Miloš Forman’s last Czech film, The Firemen’s Ball, starts off as a lighthearted farce. By the time the film reaches its masterful third act, it has become a tragicomedy of tremendous allegorical power.
It can be seen in numerous ways. A literal reading got Forman in hot water with real fire crews up and down the land, who saw it as an attack on their honour and integrity, resulting in Forman touring the country to make amends. You could interpret it as an indictment of human foibles and corruptibility; a satire on corporate groupthink; or a stealth condemnation of the Communist system. The Czechoslovakian Communist party certainly saw it as the latter, resulting in the film being “banned forever”.
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The story is slight but builds irrevocably towards its conclusion, where details that seem innocuous in the set up suddenly take on massive significance. The committee of a small-town fire department is arranging a ball. The entry is 8kc and attractions include a band, a tombola and a beauty pageant. The guest of honour is the firemen’s retired president, and the plan is to get the winner of the beauty contest to present him with a ceremonial axe for his 86th birthday.
Things quickly go south. One of the firemen, Josef (Josef Kolb), is in charge of the tombola and is panicked when the prizes start going missing before the doors even open. The committee hasn’t selected their contestants for the pageant yet, and hurriedly spend the early part of the ball trying to recruit prospects from the attendees. The selection process also seems to have an ulterior motive, as the largely middle-aged committee see it as an excuse to ogle young women…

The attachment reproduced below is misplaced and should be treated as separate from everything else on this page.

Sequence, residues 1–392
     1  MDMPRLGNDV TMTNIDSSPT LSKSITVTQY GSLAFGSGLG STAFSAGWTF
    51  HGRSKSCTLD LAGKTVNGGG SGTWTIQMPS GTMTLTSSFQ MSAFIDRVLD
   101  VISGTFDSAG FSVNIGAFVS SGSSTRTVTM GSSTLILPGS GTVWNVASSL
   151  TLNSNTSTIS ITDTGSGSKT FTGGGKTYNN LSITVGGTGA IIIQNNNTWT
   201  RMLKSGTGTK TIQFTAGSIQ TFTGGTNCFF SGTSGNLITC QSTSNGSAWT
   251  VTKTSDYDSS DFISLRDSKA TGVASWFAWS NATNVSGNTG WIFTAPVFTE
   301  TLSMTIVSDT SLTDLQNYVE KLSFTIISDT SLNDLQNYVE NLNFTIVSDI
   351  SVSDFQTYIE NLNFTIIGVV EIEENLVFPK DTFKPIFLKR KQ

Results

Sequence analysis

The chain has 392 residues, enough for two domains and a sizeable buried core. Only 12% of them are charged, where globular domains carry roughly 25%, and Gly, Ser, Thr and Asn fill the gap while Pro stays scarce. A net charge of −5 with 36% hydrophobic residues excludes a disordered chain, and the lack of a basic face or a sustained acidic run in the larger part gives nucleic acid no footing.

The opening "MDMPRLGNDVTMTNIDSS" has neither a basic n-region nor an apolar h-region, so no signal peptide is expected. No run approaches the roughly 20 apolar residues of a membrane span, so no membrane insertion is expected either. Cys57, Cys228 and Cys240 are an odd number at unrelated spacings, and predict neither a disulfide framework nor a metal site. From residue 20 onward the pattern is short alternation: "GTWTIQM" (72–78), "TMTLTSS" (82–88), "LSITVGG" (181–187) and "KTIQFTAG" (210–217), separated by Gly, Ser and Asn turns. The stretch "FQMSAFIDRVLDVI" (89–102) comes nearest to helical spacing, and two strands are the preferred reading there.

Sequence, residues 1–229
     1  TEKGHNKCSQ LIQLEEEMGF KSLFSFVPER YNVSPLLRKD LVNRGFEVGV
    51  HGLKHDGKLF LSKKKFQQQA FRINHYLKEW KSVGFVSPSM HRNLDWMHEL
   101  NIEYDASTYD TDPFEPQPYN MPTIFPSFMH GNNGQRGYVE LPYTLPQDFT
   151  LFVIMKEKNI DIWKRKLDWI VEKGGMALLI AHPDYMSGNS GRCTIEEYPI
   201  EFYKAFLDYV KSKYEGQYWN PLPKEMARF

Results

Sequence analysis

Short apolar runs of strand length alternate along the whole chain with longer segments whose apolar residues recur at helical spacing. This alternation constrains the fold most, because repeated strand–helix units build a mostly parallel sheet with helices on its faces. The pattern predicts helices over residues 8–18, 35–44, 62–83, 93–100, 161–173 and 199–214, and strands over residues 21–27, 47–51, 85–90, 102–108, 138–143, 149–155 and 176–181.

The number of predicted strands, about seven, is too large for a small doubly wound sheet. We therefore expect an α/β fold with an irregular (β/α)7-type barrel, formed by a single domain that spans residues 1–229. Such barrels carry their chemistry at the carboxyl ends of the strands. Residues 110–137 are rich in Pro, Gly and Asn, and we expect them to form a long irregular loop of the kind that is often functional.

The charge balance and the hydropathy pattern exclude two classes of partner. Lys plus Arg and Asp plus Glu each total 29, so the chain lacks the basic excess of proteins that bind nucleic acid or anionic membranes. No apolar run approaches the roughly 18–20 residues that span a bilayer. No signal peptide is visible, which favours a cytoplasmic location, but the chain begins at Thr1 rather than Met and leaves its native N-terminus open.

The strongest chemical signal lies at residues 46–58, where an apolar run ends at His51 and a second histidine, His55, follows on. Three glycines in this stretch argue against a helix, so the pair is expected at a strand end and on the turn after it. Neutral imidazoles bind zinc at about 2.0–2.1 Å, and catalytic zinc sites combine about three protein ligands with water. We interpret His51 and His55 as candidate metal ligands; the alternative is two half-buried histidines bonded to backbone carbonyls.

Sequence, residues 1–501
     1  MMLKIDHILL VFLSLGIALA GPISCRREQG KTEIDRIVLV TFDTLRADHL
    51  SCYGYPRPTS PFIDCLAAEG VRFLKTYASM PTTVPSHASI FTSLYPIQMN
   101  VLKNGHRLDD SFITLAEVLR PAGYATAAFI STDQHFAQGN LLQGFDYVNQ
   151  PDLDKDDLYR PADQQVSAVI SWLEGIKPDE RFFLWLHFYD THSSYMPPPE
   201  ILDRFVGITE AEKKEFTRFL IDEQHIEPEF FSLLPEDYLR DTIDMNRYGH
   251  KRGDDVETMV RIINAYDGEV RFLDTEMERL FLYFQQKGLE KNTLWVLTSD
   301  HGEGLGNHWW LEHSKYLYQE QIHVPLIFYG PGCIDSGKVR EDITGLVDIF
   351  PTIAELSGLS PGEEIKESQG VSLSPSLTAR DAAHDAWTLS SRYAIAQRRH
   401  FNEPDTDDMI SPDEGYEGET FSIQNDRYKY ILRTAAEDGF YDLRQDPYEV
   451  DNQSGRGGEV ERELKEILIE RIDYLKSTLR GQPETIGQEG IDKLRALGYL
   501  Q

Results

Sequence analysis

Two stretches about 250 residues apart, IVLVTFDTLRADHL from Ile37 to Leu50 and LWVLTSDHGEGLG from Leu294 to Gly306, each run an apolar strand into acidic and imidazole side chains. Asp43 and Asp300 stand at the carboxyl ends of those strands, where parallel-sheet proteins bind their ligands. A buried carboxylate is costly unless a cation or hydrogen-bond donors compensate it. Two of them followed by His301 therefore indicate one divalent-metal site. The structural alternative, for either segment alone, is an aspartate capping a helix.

No-one seems particularly interested in being part of the contest, not even the homely Rosie, whose father has been plying the committee with free drinks to persuade them to pick her. When the time comes for the announcement of the beauty queen, the unwilling contestants lock themselves in the ladies toilets, leaving the men on the dance floor to try forcibly dragging remaining womenfolk to the stage in a raucous and ugly scene.
The missing tombola prizes continue to baffle Josef, as items still keep disappearing even under the watchful eye of his wife.
Once Josef has discovered that his wife is involved in the theft of the prizes the film takes a darker hue, and Forman’s satirical concerns start to reveal themselves. Her response to the accusation, “Everyone steals”, seems to nod to the cynical proverb that took hold during Communism: “Kto nekradne, okráda svoju rodinu” or, “He who doesn’t steal, steals from his family.”
Just as the ball is descending into ugly farce with the conclusion of the beauty contest, a bell sounds and the firemen are called out to a blaze at an old man’s cottage. The assembled party-goers follow them without paying for their drinks. The firefighting effort is a non-starter, as their fire truck is stuck in the snow. This leaves the firemen doing what they can to rescue the old man’s belongings while uselessly shovelling snow into the flames. The owner of the hall sees an opportunity to make some money back by selling drinks to the rubbernecking crowd. The firemen, unable to help the distraught old man who is suffering from the cold, are simply instructed to move him closer to the fire to keep him warm.